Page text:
Okay, you're probably not going to see this in your lifetime, but imagine how cool you'll seem when you whip out "matchstick ingestion" as part of the differential diagnosis for hyperkalemia and AKI.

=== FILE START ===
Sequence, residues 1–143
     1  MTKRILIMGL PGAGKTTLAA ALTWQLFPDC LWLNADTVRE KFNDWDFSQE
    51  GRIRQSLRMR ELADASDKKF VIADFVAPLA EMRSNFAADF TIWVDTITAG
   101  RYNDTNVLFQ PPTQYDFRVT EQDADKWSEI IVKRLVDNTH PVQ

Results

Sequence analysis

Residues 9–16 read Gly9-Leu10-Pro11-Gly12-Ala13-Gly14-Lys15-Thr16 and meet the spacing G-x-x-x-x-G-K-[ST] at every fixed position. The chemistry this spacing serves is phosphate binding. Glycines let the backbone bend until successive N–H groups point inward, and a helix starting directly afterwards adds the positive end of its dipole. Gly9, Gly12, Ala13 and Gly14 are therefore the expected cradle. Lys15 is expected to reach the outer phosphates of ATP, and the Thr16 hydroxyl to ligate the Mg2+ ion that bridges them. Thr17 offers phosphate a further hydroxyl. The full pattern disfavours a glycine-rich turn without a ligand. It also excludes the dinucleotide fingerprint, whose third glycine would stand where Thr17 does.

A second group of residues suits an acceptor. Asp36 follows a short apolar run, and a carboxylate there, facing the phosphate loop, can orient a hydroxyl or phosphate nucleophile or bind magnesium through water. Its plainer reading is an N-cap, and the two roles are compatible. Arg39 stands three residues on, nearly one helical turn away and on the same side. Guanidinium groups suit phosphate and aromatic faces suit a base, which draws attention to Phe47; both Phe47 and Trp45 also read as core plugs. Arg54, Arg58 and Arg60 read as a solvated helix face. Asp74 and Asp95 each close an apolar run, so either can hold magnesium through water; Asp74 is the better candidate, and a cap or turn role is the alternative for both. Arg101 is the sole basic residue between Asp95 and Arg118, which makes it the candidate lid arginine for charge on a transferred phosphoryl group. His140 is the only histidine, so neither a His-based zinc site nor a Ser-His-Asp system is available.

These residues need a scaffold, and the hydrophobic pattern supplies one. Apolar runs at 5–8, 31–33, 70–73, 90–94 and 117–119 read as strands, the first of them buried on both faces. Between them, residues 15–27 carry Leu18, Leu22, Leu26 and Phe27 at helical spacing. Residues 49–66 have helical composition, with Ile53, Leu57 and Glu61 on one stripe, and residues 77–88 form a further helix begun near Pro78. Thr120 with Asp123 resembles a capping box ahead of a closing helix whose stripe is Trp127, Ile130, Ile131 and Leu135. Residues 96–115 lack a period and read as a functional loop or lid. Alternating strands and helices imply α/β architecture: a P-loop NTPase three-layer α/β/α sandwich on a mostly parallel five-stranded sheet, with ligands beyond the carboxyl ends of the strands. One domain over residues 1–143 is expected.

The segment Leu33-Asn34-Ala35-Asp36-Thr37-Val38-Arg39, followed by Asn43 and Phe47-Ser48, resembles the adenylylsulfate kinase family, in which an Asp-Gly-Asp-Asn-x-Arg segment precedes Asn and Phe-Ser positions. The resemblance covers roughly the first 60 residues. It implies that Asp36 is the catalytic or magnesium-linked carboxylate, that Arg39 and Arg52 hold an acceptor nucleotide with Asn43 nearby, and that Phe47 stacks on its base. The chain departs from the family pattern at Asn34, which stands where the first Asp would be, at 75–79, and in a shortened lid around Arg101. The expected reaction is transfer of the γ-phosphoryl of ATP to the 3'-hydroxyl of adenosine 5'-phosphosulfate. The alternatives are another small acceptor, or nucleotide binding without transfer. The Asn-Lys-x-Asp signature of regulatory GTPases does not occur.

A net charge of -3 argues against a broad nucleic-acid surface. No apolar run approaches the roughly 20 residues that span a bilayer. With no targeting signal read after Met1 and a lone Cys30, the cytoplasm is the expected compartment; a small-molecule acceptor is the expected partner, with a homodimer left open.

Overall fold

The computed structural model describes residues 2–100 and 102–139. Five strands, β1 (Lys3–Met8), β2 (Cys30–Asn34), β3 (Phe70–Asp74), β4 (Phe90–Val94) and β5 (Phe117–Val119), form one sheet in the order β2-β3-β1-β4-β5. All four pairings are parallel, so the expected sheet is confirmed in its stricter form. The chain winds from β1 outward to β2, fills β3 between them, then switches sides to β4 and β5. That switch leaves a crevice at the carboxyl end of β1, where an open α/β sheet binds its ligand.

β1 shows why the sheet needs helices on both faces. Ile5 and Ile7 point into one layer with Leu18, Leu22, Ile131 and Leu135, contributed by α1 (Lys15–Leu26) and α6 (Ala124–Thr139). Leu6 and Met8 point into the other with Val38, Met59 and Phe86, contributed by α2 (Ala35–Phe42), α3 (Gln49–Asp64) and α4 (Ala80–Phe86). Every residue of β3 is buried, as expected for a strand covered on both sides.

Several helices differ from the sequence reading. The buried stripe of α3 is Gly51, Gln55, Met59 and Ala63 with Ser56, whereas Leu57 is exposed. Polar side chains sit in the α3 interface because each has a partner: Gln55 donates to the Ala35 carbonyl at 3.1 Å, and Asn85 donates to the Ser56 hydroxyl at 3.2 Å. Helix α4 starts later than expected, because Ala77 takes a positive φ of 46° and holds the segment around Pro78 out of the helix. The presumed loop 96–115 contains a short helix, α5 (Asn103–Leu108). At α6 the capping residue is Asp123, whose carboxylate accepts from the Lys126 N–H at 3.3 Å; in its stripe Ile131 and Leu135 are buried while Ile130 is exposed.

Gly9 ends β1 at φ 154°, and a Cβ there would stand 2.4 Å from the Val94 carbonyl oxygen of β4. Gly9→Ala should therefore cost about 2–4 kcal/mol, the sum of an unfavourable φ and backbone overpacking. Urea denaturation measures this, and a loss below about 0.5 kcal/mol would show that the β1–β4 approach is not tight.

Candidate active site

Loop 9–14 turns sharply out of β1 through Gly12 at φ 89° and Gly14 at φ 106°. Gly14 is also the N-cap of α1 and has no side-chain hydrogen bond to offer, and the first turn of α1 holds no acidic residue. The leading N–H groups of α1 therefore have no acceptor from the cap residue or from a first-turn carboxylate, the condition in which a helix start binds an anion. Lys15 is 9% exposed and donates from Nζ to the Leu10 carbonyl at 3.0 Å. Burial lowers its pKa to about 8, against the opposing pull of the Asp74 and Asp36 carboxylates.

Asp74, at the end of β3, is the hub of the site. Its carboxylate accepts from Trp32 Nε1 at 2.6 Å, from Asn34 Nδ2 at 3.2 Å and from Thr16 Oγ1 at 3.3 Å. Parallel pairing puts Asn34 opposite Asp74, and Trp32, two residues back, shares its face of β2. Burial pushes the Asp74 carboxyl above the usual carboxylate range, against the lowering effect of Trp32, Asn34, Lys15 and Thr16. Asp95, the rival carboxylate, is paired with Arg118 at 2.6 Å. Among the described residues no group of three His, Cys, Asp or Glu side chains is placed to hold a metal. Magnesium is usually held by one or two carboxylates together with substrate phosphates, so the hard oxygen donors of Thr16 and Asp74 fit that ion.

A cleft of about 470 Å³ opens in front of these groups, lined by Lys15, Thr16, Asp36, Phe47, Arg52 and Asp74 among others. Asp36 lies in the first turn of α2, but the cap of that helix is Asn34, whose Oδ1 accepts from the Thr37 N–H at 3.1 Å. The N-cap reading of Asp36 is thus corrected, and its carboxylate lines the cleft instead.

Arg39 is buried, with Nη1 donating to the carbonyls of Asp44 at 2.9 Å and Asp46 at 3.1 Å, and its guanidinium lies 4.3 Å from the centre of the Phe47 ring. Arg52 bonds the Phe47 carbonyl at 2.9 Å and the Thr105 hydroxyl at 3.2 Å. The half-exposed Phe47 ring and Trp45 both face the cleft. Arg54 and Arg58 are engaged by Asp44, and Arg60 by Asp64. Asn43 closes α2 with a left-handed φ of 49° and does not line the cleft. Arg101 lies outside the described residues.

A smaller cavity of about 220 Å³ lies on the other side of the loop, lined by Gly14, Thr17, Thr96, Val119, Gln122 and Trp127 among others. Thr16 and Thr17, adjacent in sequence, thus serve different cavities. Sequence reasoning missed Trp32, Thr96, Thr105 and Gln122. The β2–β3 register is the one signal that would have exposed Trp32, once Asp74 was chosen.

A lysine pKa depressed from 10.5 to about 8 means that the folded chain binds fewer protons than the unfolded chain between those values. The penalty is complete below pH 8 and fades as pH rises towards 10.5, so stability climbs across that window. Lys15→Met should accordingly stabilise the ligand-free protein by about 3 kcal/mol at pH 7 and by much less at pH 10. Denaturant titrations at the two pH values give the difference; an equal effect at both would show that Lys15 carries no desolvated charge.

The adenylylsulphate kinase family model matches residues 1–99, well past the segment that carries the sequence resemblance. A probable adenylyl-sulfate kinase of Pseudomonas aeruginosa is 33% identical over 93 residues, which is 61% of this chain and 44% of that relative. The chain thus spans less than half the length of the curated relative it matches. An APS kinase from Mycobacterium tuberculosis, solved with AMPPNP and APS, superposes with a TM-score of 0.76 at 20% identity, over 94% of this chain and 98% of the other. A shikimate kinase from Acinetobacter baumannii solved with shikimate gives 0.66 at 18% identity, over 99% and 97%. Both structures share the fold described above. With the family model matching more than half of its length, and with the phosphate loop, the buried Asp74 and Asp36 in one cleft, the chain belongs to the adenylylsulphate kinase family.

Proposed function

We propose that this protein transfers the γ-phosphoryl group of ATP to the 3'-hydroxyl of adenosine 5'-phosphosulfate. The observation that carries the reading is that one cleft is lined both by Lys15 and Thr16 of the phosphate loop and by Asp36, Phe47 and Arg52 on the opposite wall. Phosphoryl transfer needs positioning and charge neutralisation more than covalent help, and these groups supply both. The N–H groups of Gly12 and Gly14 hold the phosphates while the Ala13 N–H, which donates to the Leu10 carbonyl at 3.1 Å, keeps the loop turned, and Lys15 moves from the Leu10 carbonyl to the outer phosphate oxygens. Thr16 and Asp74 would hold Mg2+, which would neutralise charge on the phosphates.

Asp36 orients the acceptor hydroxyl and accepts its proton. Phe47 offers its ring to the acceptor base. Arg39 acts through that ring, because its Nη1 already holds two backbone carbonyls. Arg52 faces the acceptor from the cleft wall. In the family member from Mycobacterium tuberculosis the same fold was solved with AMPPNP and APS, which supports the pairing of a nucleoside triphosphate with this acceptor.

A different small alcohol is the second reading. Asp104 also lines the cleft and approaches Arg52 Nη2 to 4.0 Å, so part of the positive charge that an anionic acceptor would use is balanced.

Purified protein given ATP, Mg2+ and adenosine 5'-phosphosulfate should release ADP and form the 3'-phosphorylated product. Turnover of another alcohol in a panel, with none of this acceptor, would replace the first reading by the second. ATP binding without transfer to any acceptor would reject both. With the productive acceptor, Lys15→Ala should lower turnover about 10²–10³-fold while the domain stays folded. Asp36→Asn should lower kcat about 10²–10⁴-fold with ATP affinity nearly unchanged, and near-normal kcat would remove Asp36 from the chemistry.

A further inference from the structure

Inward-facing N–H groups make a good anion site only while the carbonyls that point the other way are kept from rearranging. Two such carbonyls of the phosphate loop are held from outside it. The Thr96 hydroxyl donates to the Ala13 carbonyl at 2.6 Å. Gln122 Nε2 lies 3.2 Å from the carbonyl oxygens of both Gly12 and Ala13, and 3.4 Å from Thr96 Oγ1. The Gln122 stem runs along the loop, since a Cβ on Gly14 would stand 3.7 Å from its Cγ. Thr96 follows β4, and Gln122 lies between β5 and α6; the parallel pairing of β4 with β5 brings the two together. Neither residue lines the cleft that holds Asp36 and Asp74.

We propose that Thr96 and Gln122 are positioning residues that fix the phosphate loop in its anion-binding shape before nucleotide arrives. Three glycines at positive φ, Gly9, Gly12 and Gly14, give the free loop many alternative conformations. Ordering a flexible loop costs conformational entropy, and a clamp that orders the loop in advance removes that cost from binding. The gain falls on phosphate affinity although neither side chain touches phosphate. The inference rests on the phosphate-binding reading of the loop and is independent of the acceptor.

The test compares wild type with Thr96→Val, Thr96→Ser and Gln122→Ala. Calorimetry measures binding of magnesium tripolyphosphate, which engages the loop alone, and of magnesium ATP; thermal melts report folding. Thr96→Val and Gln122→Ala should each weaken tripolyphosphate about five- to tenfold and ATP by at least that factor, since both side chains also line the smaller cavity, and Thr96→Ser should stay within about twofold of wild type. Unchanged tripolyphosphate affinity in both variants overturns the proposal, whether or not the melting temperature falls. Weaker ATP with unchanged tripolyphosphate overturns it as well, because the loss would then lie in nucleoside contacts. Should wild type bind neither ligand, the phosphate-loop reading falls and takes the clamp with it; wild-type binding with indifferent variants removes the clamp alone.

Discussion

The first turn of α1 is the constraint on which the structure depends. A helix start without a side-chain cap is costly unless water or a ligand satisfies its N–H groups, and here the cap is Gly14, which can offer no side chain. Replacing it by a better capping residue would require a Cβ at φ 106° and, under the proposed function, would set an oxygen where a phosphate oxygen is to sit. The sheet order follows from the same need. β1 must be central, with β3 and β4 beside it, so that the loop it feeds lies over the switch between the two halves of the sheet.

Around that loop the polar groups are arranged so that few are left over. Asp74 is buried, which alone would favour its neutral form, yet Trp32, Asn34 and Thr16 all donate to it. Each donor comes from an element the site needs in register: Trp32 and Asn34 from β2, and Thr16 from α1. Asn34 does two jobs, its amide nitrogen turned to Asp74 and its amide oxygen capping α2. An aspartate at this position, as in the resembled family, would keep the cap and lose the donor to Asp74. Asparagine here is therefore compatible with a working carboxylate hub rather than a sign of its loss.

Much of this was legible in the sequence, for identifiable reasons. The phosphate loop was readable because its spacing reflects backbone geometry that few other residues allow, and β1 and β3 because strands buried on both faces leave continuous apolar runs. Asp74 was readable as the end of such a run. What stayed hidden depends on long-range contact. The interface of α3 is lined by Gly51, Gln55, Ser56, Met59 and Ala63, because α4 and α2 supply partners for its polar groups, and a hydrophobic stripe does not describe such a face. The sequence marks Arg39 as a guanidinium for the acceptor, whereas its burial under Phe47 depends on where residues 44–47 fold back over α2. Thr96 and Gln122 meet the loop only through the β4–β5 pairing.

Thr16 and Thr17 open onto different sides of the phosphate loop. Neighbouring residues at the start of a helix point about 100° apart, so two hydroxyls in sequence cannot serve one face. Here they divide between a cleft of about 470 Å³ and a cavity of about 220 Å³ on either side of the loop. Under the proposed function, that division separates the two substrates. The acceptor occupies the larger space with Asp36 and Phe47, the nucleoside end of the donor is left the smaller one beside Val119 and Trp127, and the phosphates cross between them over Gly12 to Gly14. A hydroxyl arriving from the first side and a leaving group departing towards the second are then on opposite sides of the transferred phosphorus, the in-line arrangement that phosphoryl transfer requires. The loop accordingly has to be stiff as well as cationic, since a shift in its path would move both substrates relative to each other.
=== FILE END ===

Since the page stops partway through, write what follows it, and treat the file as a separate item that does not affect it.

Matchstick heads are comprised of over 50% potassium chlorate (KClO3); it is an oxidizing agent which makes matches flammable and can also be found in many explosives and fireworks. Unfortunately, it also happens to be nephrotoxic. In this interesting case report by Mutlu et al, the authors describe a 21-year-old man who attempted to commit suicide by ingesting 120 matchsticks. When he first presented to the ED, he had a serum potassium of 7.4 with peaked T-waves. The potassium chlorate results in a rapid oxidative destruction of RBCs while also causing methemoglobinemia, and acute renal failure is common. A toxic dose is listed as being 5 grams; the patient in this case report only ingested 2 grams was fortunately treated successfully using acute potassium-lowering therapy and hyperbaric oxygen therapy (for the methemoglobinemia).